TMJ Joint Replacement for Rheumatoid Arthritis

Does advanced arthritis in the TMJ have to be treated with total joint replacement?

Rheumatoid arthritis tmjNo.

Rheumatoid arthritis isn’t as common in the TM joint as other joints in the body.


The TMJ is not a load bearing joint like most other joints in the body. Arthritic breakdown in the TMJ almost always starts with excess pressure on the joint; through clenching or bruxing or, with imbalanced growth of the jaws from early childhood allergies and the related jaw distortions it creates.

I’ve patients with severe, progressive systemic rheumatoid arthritis whose TM joints are perfectly normal and pain free. Weight bearing joints are always more susceptible to breakdown, whether rheumatoid arthritis, degenerative processes, or osteoarthritis. Avascular necrosis is a condition being seen with more frequency in teenage patients, usually females.

By age 7-10, the alignment of the TMJ is being positively or negatively influenced by the developing airway and occlusion. Earlier onset of estrogen hormones may be responsible for the aggressive degeneration of the TMJ’s when subjected to misaligned growth and loading of the TMJ.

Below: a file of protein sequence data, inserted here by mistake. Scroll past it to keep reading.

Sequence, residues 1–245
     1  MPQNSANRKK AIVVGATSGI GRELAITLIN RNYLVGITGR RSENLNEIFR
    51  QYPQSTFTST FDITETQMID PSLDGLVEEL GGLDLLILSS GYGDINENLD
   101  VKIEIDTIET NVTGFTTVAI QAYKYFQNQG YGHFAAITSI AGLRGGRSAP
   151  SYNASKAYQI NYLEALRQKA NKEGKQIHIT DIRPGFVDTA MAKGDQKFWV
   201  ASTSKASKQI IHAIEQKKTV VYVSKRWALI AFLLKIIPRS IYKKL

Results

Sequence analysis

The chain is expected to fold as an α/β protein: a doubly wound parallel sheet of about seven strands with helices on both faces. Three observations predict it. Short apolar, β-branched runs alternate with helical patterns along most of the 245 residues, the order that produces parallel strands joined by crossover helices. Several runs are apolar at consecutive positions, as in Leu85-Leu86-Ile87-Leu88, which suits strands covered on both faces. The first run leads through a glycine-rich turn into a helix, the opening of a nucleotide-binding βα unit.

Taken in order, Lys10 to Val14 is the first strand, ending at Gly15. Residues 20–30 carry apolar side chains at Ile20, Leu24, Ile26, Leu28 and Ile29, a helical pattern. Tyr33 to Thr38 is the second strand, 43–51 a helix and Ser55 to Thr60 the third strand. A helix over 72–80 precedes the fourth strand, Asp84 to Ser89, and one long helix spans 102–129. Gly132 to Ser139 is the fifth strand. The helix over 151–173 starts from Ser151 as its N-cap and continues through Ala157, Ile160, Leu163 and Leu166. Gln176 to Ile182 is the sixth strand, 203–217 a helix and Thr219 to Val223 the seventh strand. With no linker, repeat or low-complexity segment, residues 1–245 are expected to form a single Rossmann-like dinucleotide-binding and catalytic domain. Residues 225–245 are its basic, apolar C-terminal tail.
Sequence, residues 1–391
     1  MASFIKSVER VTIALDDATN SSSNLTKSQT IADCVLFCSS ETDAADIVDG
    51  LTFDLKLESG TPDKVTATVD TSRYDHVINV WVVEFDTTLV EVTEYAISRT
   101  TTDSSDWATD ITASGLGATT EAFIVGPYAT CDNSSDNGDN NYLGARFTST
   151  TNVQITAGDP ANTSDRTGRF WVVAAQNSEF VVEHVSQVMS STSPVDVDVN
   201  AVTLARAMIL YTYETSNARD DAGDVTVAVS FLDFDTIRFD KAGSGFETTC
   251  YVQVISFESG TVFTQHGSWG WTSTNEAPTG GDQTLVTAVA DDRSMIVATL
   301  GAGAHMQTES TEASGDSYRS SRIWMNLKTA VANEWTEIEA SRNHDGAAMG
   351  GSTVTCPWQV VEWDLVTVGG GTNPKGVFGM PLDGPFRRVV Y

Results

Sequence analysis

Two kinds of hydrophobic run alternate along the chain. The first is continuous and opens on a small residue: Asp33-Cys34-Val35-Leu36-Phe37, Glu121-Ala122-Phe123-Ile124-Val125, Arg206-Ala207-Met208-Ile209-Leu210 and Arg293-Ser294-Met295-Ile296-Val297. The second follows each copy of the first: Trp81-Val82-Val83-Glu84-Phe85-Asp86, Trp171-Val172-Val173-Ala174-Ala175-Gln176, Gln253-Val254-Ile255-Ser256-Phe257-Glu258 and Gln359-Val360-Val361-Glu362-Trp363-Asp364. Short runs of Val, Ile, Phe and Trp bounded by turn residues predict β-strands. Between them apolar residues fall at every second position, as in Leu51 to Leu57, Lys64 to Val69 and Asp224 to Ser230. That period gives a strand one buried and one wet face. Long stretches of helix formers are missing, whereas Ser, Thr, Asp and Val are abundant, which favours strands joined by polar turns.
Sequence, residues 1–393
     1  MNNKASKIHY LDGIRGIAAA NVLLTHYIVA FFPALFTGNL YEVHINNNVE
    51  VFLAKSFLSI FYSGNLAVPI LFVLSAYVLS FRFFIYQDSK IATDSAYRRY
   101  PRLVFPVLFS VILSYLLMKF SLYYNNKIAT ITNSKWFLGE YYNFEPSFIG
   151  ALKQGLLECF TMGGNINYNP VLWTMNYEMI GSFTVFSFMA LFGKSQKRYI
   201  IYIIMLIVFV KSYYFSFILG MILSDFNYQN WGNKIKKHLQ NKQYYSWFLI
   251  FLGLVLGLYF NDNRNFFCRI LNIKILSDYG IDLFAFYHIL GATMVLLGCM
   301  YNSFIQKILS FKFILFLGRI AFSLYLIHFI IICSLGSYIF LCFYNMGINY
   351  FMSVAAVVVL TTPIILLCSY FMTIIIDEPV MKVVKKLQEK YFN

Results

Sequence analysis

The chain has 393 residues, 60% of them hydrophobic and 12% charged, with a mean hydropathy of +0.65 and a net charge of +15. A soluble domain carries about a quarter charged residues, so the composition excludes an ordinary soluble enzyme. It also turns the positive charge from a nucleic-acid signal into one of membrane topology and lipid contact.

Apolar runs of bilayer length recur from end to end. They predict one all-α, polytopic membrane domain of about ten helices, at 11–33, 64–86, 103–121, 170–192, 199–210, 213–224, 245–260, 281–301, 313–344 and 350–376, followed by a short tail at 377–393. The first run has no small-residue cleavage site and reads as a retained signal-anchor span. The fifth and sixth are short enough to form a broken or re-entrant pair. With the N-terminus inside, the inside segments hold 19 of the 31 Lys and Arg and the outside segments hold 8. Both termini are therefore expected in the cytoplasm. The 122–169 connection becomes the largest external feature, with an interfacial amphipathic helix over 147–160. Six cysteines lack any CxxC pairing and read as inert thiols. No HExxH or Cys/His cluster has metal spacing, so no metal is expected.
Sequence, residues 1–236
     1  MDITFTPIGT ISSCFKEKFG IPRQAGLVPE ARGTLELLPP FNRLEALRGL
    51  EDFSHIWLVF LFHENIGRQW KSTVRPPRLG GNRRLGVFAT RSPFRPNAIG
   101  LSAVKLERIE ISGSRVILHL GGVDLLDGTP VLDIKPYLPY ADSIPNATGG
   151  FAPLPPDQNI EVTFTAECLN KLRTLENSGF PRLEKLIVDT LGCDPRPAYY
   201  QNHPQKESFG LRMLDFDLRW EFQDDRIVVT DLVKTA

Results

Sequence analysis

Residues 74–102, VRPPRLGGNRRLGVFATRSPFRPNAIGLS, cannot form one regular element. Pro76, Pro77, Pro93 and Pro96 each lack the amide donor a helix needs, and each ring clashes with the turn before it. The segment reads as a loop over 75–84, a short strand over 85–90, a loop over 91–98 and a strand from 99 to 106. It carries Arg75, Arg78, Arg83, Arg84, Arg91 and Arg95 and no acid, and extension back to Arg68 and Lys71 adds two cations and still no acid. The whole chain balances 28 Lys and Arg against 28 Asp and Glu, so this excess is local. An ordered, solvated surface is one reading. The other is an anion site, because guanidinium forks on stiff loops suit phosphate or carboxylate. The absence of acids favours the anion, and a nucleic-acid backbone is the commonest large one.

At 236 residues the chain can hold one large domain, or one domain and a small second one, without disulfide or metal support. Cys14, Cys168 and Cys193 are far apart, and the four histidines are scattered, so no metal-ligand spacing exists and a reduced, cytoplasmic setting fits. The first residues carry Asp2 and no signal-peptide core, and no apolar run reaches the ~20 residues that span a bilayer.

Regardless of the triggering event, getting pressure off of the joint will help arrest the rapid breakdown of the bone. Proper use of medications is also indicated in some cases, such as steroids or other anti-inflammatory drugs.

TMJ joints develop as the facial skeleton matures. One of the most important factors in proper facial and TMJ growth is the airway.

By age 5, significant disturbances can be seen in the face, jaws, and dental arches due to allergies and enlarged tonsils and adenoids. The pathologic effect of even a mild airway obstruction has lifetime consequences of pre-disposing to TMD and sleep apnea as an adult.

Dentists with experience in TMD and sleep breathing disorders can recognize early growth problems, and help get them corrected before permanent changes occur in the jaws, and TMJ.

If you have advanced arthritis or bony damage in your TM joints, most cases can be improved and stabilized with proper decompression orthotics. Most patients I have treated are able to arrest the degenerative process, stabilize the damaged TMJ’s and provide stability in the “bite” without joint replacement surgery. Patients can function quite well even with severe condyle degeneration if proper non-surgical orthotics are consistently used, and radiographic monitoring.

If surgery is indicated, oftentimes a joint “flushing” procedure rids the inflammatory chemicals built up within the TMJ and can stop the loss of bone. In advanced cases, hi tech joint replacement can be done using 3-D technology to customize build a joint for your anatomy and needs.

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